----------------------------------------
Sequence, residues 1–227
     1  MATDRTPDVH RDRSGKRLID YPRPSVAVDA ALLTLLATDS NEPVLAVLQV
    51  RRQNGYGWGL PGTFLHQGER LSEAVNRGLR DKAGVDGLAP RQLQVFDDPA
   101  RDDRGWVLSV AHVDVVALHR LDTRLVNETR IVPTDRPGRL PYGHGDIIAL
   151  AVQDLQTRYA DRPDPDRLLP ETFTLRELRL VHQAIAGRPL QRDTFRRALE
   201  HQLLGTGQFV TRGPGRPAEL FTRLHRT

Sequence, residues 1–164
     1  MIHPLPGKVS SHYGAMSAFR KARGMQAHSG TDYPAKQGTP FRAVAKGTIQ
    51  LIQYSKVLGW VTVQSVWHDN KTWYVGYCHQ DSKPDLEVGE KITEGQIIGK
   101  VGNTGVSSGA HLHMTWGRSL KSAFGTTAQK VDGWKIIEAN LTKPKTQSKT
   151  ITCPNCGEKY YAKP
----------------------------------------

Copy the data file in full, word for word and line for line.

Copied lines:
Sequence, residues 1–227
     1  MATDRTPDVH RDRSGKRLID YPRPSVAVDA ALLTLLATDS NEPVLAVLQV
    51  RRQNGYGWGL PGTFLHQGER LSEAVNRGLR DKAGVDGLAP RQLQVFDDPA
   101  RDDRGWVLSV AHVDVVALHR LDTRLVNETR IVPTDRPGRL PYGHGDIIAL
   151  AVQDLQTRYA DRPDPDRLLP ETFTLRELRL VHQAIAGRPL QRDTFRRALE
   201  HQLLGTGQFV TRGPGRPAEL FTRLHRT

Sequence, residues 1–164
     1  MIHPLPGKVS SHYGAMSAFR KARGMQAHSG TDYPAKQGTP FRAVAKGTIQ
    51  LIQYSKVLGW VTVQSVWHDN KTWYVGYCHQ DSKPDLEVGE KITEGQIIGK
   101  VGNTGVSSGA HLHMTWGRSL KSAFGTTAQK VDGWKIIEAN LTKPKTQSKT
   151  ITCPNCGEKY YAKP